Solid-state li-ion batteries on the other hand could be re-charged within seconds and operate at temperatures ranging from well below 0C to as high as 100C. Thus EVs will, within the next few years, begin to offer the same driving range and re-charging times as petrol & diesel vehicles – thereby overcoming their most persistent criticism.
2. Battery swapping capturing industry interest
No other advancement makes more sense for the Indian EV market, since battery swapping slashes EV recharging times to as low as a few minutes – at par with regular petrol/diesel vehicles.
The procedure has also attracted healthy interest from prominent industry players, such as ACME Solar and Essel Infra – which is exactly the kind of impetus needed to scale up a fledgling solution to commercially viable volumes. As more established names enter the space, battery swapping will become the key driver for commercial as well as private acceptance of EVs.
3. Lower purchase costs, driven by accelerating demand for EVs
China is the world’s largest EV market today as it accounts for nearly half of all the EVs sold across the world, and the country aims to sell 1 million EVs in 2018. It is also the global leader in manufacturing li-ion battery packs. The two facets together – spurred on by its internal consumption and its exports – have generated enough demand in EVs for its battery manufacturers to earn profits even at lower price margins.
The trend is bound to have a knock-on effect in India, which at present imports nearly all its li-ion battery packs from its neighbor. Thus as prices deflate, EVs will start to make economic sense – especially for corporate fleets whose operations are primarily limited to intra-city routes.
Lower purchase costs – together with battery swapping – will also make them a sensible option for the cost-conscious (and still expanding) cabs and goods delivery services sector.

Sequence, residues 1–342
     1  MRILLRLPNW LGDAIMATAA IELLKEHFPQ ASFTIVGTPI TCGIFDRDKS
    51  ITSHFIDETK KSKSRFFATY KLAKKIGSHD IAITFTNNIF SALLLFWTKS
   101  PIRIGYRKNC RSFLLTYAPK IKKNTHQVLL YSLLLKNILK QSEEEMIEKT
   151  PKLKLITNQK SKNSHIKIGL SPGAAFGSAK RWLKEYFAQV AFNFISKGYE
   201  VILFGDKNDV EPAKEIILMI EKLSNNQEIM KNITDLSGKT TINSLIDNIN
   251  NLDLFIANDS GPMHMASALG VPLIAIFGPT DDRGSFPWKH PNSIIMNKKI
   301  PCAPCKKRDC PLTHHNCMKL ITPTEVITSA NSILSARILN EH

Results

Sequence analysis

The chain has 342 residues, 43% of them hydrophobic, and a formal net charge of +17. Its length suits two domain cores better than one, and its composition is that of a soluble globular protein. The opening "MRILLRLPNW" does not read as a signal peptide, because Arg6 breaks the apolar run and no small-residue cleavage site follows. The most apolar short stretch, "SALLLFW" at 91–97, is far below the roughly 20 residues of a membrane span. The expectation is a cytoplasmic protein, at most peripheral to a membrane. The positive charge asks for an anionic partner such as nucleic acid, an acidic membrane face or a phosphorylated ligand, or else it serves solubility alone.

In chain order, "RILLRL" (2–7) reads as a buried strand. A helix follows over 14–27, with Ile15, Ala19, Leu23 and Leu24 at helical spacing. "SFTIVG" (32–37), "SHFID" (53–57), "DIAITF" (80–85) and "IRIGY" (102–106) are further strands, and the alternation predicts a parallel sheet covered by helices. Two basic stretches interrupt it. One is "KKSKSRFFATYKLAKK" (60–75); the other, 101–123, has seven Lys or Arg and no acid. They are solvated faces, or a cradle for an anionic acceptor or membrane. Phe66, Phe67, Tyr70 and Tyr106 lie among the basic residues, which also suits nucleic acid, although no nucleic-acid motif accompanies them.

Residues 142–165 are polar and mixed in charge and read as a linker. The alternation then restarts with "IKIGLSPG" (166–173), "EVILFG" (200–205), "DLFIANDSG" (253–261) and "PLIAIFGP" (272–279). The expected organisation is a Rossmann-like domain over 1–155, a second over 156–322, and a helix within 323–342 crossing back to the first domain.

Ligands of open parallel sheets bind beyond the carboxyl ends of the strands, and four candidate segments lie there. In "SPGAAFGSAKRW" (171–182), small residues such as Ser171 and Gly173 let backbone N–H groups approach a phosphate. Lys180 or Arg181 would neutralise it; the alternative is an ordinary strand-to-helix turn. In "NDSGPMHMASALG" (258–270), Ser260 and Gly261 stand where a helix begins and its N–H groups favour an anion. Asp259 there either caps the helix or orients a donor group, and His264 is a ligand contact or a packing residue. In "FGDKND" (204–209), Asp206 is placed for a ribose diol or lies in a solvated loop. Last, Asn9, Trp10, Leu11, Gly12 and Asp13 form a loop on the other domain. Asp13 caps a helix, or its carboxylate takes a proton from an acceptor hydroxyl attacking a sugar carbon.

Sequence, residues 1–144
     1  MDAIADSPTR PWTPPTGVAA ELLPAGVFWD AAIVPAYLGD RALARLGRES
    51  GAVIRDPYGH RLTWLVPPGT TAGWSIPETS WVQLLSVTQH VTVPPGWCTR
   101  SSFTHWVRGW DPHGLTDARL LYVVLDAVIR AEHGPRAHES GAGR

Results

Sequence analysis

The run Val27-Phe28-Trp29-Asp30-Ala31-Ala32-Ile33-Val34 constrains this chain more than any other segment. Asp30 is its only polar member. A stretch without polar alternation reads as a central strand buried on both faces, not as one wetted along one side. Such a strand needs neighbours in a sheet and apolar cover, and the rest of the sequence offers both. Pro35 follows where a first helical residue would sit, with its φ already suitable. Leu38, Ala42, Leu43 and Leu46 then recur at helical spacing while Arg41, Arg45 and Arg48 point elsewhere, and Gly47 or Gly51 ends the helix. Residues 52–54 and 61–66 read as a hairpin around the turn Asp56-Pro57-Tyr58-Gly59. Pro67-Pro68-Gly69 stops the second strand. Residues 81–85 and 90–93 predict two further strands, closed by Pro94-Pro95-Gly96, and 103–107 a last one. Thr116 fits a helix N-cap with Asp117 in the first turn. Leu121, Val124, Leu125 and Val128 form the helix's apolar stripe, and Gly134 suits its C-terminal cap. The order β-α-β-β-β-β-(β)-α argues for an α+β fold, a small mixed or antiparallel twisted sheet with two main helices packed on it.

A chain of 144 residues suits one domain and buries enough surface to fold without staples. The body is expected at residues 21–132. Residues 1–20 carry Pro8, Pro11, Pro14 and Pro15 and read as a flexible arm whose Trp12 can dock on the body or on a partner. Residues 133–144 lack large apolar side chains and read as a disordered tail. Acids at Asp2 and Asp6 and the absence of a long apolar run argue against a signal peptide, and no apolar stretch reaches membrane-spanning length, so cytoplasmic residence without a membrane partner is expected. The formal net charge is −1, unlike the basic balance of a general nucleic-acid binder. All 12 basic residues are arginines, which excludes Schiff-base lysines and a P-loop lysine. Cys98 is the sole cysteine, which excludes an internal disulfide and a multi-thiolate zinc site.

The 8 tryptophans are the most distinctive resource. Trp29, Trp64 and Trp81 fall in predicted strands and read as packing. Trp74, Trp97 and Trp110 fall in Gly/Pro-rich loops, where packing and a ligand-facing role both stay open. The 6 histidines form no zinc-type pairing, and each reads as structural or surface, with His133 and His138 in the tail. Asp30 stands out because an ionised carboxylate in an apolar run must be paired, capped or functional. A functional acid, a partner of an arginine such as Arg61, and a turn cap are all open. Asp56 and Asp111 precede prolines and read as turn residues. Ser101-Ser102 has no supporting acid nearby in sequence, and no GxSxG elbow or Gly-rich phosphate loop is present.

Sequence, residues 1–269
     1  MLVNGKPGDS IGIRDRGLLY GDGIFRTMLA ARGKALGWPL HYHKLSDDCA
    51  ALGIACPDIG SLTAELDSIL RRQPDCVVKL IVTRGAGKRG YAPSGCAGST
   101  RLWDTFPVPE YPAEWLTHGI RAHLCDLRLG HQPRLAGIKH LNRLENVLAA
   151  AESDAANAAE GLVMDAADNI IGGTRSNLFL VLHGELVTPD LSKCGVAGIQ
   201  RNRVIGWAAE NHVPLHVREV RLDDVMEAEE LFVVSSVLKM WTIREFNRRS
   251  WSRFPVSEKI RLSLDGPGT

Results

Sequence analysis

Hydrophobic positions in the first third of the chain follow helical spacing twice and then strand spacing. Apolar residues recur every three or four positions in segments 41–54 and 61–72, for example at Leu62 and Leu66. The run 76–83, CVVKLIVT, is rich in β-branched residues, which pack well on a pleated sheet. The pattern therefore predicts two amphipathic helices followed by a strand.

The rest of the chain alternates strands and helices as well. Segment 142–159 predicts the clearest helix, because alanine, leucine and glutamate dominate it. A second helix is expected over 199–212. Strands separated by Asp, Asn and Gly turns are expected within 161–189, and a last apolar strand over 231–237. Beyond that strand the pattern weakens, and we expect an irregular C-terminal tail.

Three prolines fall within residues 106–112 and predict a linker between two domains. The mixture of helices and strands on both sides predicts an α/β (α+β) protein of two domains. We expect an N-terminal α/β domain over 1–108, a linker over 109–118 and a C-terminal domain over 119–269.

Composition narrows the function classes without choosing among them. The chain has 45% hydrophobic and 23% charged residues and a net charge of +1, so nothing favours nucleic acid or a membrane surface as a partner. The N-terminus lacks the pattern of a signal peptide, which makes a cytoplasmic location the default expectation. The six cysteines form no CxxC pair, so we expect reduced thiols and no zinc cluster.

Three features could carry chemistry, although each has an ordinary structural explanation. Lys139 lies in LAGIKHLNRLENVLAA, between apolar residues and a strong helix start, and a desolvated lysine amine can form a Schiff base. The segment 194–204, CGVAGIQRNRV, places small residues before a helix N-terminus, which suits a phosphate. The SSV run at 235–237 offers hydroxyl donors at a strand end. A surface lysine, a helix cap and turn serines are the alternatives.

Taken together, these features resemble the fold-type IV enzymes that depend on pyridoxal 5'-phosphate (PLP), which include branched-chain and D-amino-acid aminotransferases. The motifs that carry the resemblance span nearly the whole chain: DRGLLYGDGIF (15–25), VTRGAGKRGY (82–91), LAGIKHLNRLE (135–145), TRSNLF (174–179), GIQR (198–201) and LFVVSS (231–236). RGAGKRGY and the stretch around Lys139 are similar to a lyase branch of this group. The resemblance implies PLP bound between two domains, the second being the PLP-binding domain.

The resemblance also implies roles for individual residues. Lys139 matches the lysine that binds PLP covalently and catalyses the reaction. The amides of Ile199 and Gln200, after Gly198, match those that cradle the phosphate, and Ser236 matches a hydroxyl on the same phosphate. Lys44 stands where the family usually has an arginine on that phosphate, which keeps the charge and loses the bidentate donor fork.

4. Cheaper running costs of EVs
India’s capacity addition for solar and wind energy outpaced capacity addition in coal-fired power in 2017, and the electricity they generate is already cheaper than coal-fired power (for utility scale projects).
Cheaper electricity from renewables together with greater energy density for li-ion batteries is therefore perfectly suited to lower the per kilometer driving costs of EVs well below those for conventional vehicles. This again will spur greater interest from customers looking for alternatives to ever-volatile petrol and diesel prices.
Additionally, the government of India is scoping for more foreign interest in India’s fledgling EV market, such as through the NITI Aayog’s Global Mobility Summit in New Delhi on 7th and 8th September 2018. The objective is not only to secure more foreign investment, but also to learn from established EV markets about innovation tailored to local necessities, and the potential for EVs to drive a fundamental shift in transportation.
Therefore the era of instant skepticism about EVs is rapidly coming to an end. They are fast approaching commercial feasibility and with it, edging India ever closer to a decisive shift to e-mobility.